In my previous post “Why Do We Need Visual Models ?” I talked about how visual models help simplify complexity in technical problems and various applications of visual models in software development. In this post, I would like to explore alternate uses of visual models and the application of visual modeling to solve complex non-technical problems in business and life.
Visual thinking is our brain’s natural way of solving problems by picturing the problem and it’s various outcomes visually in our mind. It enables us to abstract out the complexity in a complex problem or information and present the same in a much simpler and more meaningful way that is easy to comprehend. Going back to the map example, it’s far easier and natural for us to visualize the route from point A to point B instead of remembering the textual directions in a list form. We use visual thinking consciously or unconsciously quite often in our daily life – whether it is a sketch of an idea we drew up in a coffee shop or a brainstorming session using a white board or a more fancy presentation for the board. In business world, power point presentations with fancy graphics, excel spreadsheets with charts and executive dashboards with all kinds of visual gadgets remain the most popular way to present complex business concepts and information. Here is an excellent example of using visual thinking to describe the concept of Twitter.
Another excellent source of information on visual thinking is this video of David Armano, VP of Experience Design with Critical Mass, speaking at a conference on thinking visually. According to David Armano, thinking visually may one of the most sought after abilities of the 12st century.
Effective communication is everyone’s job—whether you are trying to sell in a concept or convince a client. Visual Thinking can help us take in complex information and synthesize it into something meaningful. In an increasingly fragmented and cluttered world, simple imagery, metaphors and mindmaps can get people to understand the abstract and make your ideas tangible.
Click here to see some excellent visual thinking artifacts from David Armano.
A mind map uses visual thinking to create a visual representation of the problem and the possible solutions in a diagram that mirrors the way our mind naturally processes information. It is a diagram used to represent words, ideas, tasks, or other items linked to and arranged around a central key word or idea. Mind maps are used to generate, visualize, structure, and classify ideas, and as an aid in study, organization, problem solving, decision making, and writing. By presenting ideas in a radial, graphical, non-linear manner, mind maps encourage a brainstorming approach to planning and organizational tasks (Source: Wikipedia).
For example, if we wanted to draw a mind map for capturing all the activities surrounding starting a business – we can start with a central idea called “Start a Business”. Radiating from this central idea, we can add branches for “Business Objectives”, “Business Plan”, “Market Research”, “Project Plan”, etc. Each of these branches will now become the central idea for the creation it it’s own mind map thus enabling us to create a high level view and a detail view of what’s involved in starting our business.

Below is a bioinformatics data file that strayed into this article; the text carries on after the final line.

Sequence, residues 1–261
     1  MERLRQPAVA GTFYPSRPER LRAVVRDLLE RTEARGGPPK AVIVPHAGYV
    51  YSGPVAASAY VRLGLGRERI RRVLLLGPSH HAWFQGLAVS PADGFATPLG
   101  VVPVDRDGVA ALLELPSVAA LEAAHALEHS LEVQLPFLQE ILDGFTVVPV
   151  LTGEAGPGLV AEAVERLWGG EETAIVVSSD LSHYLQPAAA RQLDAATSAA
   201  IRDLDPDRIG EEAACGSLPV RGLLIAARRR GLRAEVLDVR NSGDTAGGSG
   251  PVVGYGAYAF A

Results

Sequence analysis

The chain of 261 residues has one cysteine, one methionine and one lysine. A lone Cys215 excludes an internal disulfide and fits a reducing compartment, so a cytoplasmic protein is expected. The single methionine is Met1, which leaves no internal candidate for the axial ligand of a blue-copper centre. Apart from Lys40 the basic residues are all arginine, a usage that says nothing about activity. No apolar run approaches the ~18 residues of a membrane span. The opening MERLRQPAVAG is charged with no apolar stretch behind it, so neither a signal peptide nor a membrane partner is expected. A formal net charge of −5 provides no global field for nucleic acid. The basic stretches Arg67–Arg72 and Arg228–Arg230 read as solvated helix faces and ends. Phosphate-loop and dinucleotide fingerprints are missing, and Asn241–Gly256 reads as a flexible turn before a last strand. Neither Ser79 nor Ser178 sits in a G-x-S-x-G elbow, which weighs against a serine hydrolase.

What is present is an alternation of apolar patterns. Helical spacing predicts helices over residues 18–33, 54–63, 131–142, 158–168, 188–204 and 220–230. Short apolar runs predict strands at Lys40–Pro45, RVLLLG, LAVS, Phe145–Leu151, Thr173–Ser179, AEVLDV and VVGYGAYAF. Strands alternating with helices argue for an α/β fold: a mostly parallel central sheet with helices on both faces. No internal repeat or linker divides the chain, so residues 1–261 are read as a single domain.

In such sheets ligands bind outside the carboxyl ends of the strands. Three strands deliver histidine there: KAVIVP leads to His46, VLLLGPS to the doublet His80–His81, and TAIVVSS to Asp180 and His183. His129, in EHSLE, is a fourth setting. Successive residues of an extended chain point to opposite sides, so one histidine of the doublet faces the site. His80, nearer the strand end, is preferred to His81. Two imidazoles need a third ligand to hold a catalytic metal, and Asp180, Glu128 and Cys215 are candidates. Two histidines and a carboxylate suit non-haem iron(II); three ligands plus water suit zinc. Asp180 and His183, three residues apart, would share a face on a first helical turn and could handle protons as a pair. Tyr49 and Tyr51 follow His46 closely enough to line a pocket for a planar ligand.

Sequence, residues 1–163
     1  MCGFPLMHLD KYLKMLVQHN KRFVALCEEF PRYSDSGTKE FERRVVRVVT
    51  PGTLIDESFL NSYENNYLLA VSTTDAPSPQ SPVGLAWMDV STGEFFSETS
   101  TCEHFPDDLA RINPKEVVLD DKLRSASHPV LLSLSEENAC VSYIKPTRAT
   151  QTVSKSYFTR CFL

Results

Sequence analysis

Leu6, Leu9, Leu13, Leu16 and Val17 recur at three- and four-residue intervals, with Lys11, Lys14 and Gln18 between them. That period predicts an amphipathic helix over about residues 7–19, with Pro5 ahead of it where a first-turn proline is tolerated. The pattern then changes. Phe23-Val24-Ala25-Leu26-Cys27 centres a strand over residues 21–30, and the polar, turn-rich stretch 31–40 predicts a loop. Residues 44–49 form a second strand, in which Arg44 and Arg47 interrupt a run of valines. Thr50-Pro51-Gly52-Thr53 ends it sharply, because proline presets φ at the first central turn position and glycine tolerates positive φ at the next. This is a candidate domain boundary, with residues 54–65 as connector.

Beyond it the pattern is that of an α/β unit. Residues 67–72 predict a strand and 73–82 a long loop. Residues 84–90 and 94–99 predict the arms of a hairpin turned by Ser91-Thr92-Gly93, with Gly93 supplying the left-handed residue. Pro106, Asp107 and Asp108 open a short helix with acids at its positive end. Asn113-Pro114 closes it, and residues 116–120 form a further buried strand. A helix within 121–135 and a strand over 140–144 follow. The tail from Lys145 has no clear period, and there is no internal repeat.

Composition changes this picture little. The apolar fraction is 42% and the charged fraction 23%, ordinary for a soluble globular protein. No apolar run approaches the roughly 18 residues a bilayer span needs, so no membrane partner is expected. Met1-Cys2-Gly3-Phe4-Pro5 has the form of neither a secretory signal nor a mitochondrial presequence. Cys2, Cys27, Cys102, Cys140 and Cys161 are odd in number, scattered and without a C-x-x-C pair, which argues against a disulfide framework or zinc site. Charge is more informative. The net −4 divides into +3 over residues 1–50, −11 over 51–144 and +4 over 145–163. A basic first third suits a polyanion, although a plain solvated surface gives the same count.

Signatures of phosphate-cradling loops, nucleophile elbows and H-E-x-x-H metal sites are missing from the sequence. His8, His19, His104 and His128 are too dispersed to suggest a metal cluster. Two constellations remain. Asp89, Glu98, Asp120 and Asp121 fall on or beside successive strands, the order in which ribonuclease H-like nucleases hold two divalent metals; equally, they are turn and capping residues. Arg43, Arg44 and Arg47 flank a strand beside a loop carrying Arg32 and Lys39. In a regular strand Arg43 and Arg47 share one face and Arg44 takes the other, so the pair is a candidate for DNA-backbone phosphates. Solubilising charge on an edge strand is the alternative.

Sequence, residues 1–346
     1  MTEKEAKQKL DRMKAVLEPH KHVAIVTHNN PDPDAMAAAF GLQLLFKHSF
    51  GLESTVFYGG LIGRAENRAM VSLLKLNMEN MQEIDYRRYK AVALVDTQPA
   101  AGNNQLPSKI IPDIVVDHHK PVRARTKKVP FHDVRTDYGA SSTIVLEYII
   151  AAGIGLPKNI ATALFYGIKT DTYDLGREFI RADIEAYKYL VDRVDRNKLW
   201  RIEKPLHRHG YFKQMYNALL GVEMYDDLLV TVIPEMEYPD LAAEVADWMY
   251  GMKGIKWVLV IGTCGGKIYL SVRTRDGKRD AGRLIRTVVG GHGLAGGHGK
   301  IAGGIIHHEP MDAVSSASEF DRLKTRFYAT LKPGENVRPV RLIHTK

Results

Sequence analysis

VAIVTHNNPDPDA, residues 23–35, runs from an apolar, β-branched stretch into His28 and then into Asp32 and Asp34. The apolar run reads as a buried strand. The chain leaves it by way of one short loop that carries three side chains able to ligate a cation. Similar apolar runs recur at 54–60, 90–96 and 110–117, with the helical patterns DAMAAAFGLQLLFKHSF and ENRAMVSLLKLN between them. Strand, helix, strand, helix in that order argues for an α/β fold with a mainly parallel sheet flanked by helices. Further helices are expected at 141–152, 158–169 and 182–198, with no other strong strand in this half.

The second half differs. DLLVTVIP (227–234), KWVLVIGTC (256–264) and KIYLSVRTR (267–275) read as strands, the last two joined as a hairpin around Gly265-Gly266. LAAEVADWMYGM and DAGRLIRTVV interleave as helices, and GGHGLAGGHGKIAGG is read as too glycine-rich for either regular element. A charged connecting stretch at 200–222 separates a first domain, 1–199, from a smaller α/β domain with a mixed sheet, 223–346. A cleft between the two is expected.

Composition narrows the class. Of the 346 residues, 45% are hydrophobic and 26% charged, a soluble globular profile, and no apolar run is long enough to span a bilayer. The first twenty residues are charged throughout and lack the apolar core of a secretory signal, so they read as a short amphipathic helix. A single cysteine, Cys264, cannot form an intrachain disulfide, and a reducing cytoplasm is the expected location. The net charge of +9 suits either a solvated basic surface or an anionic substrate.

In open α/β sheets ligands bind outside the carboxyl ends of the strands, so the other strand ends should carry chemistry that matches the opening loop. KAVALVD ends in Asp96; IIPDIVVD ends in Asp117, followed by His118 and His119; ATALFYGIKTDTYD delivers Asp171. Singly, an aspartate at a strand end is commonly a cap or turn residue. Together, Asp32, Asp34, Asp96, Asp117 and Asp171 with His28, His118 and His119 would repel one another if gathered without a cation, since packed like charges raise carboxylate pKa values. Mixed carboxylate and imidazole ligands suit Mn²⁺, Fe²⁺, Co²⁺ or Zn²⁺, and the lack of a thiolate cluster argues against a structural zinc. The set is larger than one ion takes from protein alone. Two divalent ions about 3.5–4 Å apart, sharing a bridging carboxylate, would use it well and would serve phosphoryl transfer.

Mind maps can be used to capture and solve complex problems in personal life or in business – for example, you can use a mind map to capture ideas during a brainstorming session or take notes during a lecture or create a non-liner to-do list, etc. Mind maps enable us to start with a bird’s eye view of the problem and drill down into specific areas that require further exploration. In addition, each area or branch within a mind map can be enhanced by attaching an artifact that is relevant to that branch — for example, a spread sheet with budget numbers or an email received from a customer, etc. Mind maps can be drawn by hand or by using any of the several commercial and open source software available in the market. Here are a some resources to explore the concept of mind maps a bit more:
- Mind Mapping Software Blog, By Chuck Frey
- The Mind map Blog, by Chance Brown
- Idea Mapping Blog, by Jamie Nast
- The MindJet Blog: 20+ Mind Mapping Resources, By MindJet
- 30+ Mind Mapping Tools, By Mashable
for Complex Business Problems
Visual modeling is also used to model and solve complex business problems that are non-technical such as, business strategy, vision, business models, communication models, knowledge integration, etc. During one of my recent online explorations about visual modeling, I ran into a company called Idiagram owned by Mr. Marshall Clemens, that uses visual modeling based approach to solve complex business problems such as strategic planning & decision making, product innovation & design, dialog facilitation, knowledge management, creative thinking and marketing strategy. I was very impressed with Idiagram’s approach and the way Mr.Clemens described the art of complex problem solving. I also loved the fact that Mr.Clemens used visual models and his own technique to describe all concepts on the company’s web site — which not only makes it very easy to understand but also provides a great example of using visual models to abstract and simplify complexity in any domain.
Mr.Clemens does not define what a “visual model” should look like — instead uses any diagram or style (diagrams, maps, charts, pictures, etc.) that represents the concept under consideration effectively. Here are a few samples of Mr.Clemens’s work and more samples of his work can be found here.
In essence, irrespective of the target domain and the potential application of visual modeling within that domain, the underlying premise of using visual models remains the same — minimize complexity, visualize concepts, facilitate communication and increase collaboration to realize a common goal.